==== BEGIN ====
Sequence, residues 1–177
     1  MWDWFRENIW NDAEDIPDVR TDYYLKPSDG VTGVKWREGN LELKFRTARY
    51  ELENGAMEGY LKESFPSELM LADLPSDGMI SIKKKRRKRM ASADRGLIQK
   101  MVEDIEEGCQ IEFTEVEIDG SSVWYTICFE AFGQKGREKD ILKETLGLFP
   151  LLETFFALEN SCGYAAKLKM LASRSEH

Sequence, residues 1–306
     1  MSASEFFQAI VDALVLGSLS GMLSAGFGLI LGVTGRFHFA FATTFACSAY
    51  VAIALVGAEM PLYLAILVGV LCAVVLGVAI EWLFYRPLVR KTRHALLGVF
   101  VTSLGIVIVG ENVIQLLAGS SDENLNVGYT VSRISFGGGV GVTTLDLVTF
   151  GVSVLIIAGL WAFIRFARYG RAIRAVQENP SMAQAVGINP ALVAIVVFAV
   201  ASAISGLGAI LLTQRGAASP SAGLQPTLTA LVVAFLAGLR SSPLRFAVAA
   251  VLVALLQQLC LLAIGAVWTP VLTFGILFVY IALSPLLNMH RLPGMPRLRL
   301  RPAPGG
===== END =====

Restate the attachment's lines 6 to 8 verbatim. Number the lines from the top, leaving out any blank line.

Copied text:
Sequence, residues 1–306
     1  MSASEFFQAI VDALVLGSLS GMLSAGFGLI LGVTGRFHFA FATTFACSAY
    51  VAIALVGAEM PLYLAILVGV LCAVVLGVAI EWLFYRPLVR KTRHALLGVF